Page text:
Asian stocks mixed after China says its industrial output grew at slowest pace in 17 years.
SINGAPORE — Asian markets were mixed on Thursday after China said its industrial output slowed in January and February, leaving traders waiting for assurances from Beijing.
Japan’s benchmark Nikkei 225 was almost flat at 21,287.02 while the Kospi in South Korea was up 0.3 percent at 2,155.68. Hong Kong’s Hang Seng shed 0.1 percent to 28,786.02. Australia’s S&P/ASX 200 rose 0.3 percent to 6,179.60.
The Shanghai Composite gave up 1.3 percent to 2,986.38. Shares fell Taiwan and Thailand but rose in Indonesia.
China’s industrial output grew 5.3 percent in the first two months of 2019 from the same period last year, official data showed Thursday. This was weaker than expected and the slowest pace of growth in 17 years.
But other numbers beat analyst’s expectations. Retail sales climbed 8.2 percent and fixed asset investment rose 6.1 percent in the same period. The National Bureau of Statistics combines readings for January and February to account for the Lunar New Year holiday, where many factories and businesses are closed.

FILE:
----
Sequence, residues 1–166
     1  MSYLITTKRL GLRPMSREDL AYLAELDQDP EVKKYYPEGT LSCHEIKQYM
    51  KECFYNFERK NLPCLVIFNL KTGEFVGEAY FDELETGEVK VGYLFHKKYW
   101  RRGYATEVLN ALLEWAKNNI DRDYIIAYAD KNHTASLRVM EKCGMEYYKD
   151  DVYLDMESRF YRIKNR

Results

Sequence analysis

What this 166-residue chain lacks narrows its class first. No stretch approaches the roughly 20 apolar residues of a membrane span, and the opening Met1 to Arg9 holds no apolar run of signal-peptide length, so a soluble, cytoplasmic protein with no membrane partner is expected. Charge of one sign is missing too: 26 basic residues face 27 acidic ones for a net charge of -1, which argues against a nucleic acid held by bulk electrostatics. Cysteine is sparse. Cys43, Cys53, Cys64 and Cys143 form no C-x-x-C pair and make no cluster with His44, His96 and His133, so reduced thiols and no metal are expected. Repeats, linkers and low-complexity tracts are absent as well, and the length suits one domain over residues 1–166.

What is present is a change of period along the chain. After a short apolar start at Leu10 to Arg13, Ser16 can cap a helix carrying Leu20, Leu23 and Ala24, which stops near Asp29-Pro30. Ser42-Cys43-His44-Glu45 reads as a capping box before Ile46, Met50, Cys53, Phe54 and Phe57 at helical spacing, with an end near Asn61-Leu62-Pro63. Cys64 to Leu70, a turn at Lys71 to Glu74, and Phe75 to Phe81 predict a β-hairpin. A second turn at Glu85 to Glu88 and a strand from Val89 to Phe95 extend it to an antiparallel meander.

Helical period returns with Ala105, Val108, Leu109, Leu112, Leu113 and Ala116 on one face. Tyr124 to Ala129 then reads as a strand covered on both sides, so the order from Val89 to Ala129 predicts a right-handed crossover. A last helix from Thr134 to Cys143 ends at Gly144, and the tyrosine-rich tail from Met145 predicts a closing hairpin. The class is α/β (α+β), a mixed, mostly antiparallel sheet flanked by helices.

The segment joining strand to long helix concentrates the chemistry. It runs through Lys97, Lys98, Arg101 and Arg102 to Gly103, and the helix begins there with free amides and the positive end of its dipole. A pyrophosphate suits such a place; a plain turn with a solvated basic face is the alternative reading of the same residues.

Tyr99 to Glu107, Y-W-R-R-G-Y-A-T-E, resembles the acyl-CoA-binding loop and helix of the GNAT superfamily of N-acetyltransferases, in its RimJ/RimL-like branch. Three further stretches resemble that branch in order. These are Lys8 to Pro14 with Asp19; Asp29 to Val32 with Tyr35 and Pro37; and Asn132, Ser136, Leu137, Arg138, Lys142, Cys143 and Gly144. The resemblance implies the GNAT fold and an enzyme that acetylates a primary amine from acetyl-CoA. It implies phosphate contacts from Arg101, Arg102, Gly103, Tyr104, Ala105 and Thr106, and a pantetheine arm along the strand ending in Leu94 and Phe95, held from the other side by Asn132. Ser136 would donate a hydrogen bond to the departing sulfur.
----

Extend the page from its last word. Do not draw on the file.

“The mixed bag of numbers featured the industrial production miss most prominently, at 5.3 percent year-on-year against the 5.6 percent consensus,” Jingyi Pan of IG said in an interview.
“The focus would likely return to economic policies very soon and expectations for the raft of policies announced thus far to help shore up economic performance,” she said.
On Wall Street, stocks secured their third straight gain on Wednesday after health care and technology companies rose. Boeing dipped briefly, but ultimately finished slightly higher, as the U.S. joined much of the world in grounding its 737 Max 8 aircraft after a fatal crash in Ethiopia on Sunday.
The broad S&P 500 index gained 0.7 percent to 2,810.92. The Dow Jones Industrial Average added 0.6 percent to 25,702.89 and the Nasdaq composite climbed 0.7 percent to 7,643.41. The Russell 2000 index of smaller company stocks was 0.4 percent higher at 1,555.88.
Oil prices were boosted by a weekly U.S Energy Information Administration report showing that crude stockpiles fell by 3.9 million barrels from the previous week. This marked the second decline in three weeks.
Benchmark U.S. crude rose 13 cents to $58.39 per barrel in electronic trading on the New York Mercantile Exchange. It gained $1.39 to settle at $58.26 per barrel on Wednesday. Brent crude, used to price international oils, rose 23 cents to $67.78 per barrel. It picked up 88 cents to close at $67.55 per barrel in London.
The dollar strengthened to 111.55 yen from 111.17 yen late Wednesday. The euro eased to $1.1317 from $1.1326.